It is nighttime and all are asleep. A cool breeze blows through my tangled hair, fresh in the desert air. It is so quiet and clear, like a simple black-and-white photograph. It seems like morning will never come, but I know it will. How can anyone sleep: doesn’t the excitement make them restless?
As I sit here, at the foot of the mountain, under the dark sky and the glittering stars, I look up to heaven, and wonder…
It is so beautiful: flowers the color of rainbows bloom and blossom; gardens interwoven with glass streams roll on forever. Angels sing praise in voices sweeter than a child’s smile, while they dance in circles of perfection. There are no bad moods in heaven, or sour dispositions. Orange and lemon trees shade the cobblestone pathways that lead over golden hills and through purple vineyards, ripe grapes dripping with sticky juices and pure essence. Wow, what I wouldn’t give for a chance to know heaven!
As I sit here, on earth, I look around, and marvel at the contrast…
It is anything but beautiful: people walk around, hurting friends and laughing at loved ones. Dark storm clouds carry loads of depression, raining down razor-sharp daggers. Bruised and battered they crawl from one fix to another, in the process breaking more than a heart. Tears drip and cries pierce, but earth likes it that way. There is no path – never mind a destination – and to speak of hope is to speak blasphemy. Oh, what wouldn’t I give for a chance to forget earth?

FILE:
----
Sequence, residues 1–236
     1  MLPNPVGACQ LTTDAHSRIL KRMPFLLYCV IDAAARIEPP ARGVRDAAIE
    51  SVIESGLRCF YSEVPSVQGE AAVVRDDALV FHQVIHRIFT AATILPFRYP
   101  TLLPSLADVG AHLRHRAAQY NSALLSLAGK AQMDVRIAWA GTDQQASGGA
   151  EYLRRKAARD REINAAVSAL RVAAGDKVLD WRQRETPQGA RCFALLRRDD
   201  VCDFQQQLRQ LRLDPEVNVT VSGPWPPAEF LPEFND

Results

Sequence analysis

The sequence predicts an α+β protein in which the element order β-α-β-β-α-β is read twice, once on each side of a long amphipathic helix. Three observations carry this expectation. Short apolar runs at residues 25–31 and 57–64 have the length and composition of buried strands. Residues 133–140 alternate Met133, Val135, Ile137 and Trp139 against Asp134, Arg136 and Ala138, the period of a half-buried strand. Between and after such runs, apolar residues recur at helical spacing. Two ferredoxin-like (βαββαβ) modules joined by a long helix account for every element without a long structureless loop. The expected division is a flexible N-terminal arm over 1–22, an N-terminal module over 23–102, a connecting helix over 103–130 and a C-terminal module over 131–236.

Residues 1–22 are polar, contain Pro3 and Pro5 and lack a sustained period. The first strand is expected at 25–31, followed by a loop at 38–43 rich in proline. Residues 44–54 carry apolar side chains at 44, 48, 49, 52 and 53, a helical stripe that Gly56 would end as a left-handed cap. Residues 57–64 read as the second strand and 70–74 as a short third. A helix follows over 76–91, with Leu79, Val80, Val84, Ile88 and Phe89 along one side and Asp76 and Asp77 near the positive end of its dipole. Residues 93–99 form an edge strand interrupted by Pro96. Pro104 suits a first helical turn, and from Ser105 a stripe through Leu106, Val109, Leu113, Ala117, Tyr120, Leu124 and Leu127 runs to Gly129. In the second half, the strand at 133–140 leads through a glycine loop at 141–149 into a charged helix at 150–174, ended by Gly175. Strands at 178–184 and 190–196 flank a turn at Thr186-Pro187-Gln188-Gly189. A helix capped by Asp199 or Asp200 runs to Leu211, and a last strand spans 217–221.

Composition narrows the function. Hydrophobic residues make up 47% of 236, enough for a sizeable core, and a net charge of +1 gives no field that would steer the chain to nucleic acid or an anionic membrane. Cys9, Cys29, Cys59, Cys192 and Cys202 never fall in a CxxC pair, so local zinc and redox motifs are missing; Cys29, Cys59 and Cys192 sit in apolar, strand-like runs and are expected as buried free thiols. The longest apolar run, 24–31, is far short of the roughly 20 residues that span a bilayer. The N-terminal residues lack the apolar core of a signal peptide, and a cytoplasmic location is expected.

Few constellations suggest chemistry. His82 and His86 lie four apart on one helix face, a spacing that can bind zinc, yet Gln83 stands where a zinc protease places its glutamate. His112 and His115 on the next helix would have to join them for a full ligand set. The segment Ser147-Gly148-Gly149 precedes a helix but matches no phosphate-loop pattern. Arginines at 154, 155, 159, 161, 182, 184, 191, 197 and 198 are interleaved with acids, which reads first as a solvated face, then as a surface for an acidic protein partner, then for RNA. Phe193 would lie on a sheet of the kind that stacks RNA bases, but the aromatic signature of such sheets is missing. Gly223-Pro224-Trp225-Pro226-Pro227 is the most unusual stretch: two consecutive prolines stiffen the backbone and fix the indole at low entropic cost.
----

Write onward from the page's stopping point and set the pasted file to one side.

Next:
The sun has just stirred and begun rising. Night is leaving; day is approaching. Along with sun’s arousal, the bottom of the mountain becomes alive. The sleepers and the dreamers have crawled from their tents and are immersing and sanctifying themselves.
We stand at the foot of the mountain but at the head of our destiny. We stand as one man with one heart, together in unity. We don’t hold hands because our hands are the same; we don’t look at each other because our eyes are closed.
Thunder and lighting fill the sky. We can see the thunder and hear the lightning. The mountain gets lost in a heavy cloud, and the Shofar sounds so powerful. I can’t feel but I tremble. Smoke and flames, like a furnace, shoot from the mountain as it shudders.
The blowing Shofar gets louder and louder; its call rising with every blast, its message piercing the very soul of existence. We dare not get too close, lest we get consumed by the awesomeness, by the share power, unshielded, as it rushes forth. We cannot stand back; it would be like standing back from truth and reality. So we just stand – and it all pours over and around and into us.
A voice, so close yet so far away, speaks. My soul expires…
I can see Heaven as it descends. I can see Earth as it rises. Everything seems to move in slow motion. Heaven, so beautiful but predictable on its own, whispers across Earth; Earth, so much potential but so dark, slowly touches Heaven, as if to make sure it’s real. Heaven reaches down to Earth; Earth reaches up to Heaven. Heaven and Earth embrace.
Ever since that day, when, for the first time, Heaven met Earth, it has been happening over and over again. In a good deed, Heaven meets Earth; in a charitable act, Heaven meets Earth; at a Shabbat table, Heaven meets Earth. When we awake, Heaven meets Earth; when we sleep, Heaven meets Earth.
How do two opposites attract, how does the innocence of Heaven relate to the cruelty of Earth? Because on that day, and every moment since, we receive something that transcends Heaven and Earth, something G-d Himself wrote and wrote Himself – His Essence – into.
We receive the blueprint for Life. We receive the Torah.
Mendel Jacobson is a 23-year-old writer, poet and journalist working for The Algemeiner Journal. Mendel’s education has found him in New York, Budapest and Jerusalem and he has been blogging for close to 3 years at jakeyology.blogspot.com
The words of this author reflect his/her own opinions and do not necessarily represent the official position of the Orthodox Union.